Past Reviews

Regional Reviews: San Diego

The Old Globe
Review by Rick Pender

Pooya Mohseni, Tara Grammy, Ari Derambakhsh,
Joe Joseph, and Mary Apick

Photo by Rick Soublet
Sanaz Toossi's 2023 Pulitzer Prize-winning play English has been a successful production for The Old Globe, which has extended its run beyond the originally announced closing. Staged by Arya Shahi with a cast of actors of Iranian descent, English tells the story of four adult students in Karaj, Iran, just east of Tehran, in 2008. They are everyday people, speakers of Farsi, who hope to take the Test of English as a Foreign Language (TOEFL), which can open doors that might make a difference in their lives. While they live under a repressive government, their attitudes are not political–even though events happen in the time just after the controversial presidential election that led to the re-election of Mahmoud Ahmadinejad.

Toossi's play, however, is a comedy told through realistic dramatic portraits of people striving to learn a complex language quite different from their own. This process is conveyed from the play's opening moment when teacher Marjan (Pooya Mohseni) enters her stark classroom and places a simple sign on her desk: "ENGLISH ONLY." She expects the students in this advanced class to increase their fluency by speaking exclusively–if haltingly–in English. Most of them struggle to do this, frequently expressing their frustration in fluid, uninflected American English, the stand-in for Farsi. Much of the show's humor comes as Marjan pushes them back to their halting skills, eventually handing red cards to anyone who drops back into Farsi. Marjan, who we learn spent nearly a decade in England, speaks almost constantly in deliberate, erudite English.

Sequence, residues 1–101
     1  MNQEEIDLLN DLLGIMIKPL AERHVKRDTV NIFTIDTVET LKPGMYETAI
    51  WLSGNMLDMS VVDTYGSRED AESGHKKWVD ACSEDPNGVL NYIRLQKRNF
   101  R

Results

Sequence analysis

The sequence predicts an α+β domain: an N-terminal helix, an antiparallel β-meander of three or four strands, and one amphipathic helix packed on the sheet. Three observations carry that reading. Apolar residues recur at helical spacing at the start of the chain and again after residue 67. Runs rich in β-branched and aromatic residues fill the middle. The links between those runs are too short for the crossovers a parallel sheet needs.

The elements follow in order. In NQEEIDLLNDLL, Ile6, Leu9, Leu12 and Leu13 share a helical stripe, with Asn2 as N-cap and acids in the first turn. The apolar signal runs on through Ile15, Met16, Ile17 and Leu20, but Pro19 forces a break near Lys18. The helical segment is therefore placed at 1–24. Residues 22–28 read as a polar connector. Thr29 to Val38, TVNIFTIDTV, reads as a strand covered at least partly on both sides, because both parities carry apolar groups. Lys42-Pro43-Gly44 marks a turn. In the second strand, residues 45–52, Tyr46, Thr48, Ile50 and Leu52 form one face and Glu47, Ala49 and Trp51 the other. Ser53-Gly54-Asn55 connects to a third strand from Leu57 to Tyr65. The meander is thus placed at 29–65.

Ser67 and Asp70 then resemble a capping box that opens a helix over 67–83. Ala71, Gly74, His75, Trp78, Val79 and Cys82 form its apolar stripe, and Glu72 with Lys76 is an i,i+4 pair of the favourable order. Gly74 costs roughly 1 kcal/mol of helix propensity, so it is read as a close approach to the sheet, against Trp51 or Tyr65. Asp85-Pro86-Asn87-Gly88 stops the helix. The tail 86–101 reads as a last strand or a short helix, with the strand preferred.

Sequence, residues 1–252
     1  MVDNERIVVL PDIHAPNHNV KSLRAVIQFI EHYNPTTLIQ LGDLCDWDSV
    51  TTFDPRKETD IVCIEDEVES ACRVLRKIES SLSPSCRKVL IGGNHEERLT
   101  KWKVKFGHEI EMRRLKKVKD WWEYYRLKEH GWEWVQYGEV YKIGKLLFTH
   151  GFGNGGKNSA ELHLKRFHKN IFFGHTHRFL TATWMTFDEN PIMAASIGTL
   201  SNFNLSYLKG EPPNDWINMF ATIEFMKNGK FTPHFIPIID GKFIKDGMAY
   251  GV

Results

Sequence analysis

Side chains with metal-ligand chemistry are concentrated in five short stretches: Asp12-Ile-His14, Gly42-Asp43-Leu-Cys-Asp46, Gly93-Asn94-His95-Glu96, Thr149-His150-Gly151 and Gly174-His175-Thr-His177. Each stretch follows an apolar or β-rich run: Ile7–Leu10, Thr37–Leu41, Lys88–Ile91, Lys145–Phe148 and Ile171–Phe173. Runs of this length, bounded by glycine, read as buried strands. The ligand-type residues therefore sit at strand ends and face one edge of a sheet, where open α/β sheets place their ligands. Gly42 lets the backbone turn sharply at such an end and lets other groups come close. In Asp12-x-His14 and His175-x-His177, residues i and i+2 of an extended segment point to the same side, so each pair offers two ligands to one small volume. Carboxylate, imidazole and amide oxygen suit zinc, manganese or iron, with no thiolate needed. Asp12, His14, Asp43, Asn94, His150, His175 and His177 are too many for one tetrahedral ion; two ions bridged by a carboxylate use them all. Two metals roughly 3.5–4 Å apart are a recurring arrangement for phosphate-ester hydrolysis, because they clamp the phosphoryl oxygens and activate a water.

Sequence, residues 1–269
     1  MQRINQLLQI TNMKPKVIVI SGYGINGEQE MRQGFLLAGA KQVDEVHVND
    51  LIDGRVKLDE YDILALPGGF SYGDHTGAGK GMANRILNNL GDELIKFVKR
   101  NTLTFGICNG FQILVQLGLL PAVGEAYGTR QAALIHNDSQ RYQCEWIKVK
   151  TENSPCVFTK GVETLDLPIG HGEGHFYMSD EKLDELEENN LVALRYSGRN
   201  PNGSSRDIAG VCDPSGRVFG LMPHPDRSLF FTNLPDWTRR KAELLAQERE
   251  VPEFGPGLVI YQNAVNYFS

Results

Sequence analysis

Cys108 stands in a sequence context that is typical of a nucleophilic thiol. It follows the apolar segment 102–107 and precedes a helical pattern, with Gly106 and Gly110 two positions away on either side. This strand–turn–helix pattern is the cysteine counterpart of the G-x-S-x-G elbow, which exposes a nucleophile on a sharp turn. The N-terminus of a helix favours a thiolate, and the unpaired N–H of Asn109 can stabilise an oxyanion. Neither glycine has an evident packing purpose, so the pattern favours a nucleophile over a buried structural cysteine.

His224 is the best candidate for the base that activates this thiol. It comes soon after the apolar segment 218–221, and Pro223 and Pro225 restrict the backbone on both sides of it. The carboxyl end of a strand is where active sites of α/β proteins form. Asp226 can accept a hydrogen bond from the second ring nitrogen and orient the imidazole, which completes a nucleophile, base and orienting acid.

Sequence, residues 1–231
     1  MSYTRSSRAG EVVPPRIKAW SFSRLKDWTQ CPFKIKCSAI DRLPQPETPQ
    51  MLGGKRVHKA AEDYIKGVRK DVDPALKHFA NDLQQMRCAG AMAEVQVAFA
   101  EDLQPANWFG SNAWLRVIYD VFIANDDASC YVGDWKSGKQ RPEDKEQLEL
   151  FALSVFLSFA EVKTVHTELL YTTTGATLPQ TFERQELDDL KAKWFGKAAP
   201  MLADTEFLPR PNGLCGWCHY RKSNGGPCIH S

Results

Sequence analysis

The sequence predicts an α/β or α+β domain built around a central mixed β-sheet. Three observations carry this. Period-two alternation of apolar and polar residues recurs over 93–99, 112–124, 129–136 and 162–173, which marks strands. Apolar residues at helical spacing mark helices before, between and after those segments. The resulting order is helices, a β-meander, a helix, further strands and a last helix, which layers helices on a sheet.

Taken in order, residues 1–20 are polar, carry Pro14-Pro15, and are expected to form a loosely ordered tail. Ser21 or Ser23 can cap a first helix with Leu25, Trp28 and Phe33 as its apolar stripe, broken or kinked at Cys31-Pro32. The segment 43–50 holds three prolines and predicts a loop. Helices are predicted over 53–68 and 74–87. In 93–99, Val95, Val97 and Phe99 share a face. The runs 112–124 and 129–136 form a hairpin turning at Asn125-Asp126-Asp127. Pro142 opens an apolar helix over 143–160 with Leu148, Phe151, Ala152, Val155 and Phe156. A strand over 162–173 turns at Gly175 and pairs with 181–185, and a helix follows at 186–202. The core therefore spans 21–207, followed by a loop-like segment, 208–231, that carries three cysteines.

The students have very different motivations. Teenager Goli (Ari Derambakhsh) is enamored of American pop culture; in one scene, she brings a CD of Ricky Martin's raucous "She Bangs" for a show-and-tell demonstration, sharing its lyrics, which are far removed from spoken English.

Elham (Tara Grammy), an aspiring gastroenterologist, finds spoken English frustrating but needs proficiency to pursue further education in Australia. Roya (Mary Apick) is a grandmother yearning to join her son and his family, who have emigrated to what she calls "the Canada." She hopes English will make her more welcome in their home. Omid (Joe Joseph) is more mysterious: His spoken English is at a higher level than his classmates since he lived in the U.S. before his family returned to Iran, but he wants to keep his second language fresh. He and Marjan bond because of their experiences beyond Iran, and they spend time watching videos of English-language films, especially Notting Hill and Love Actually.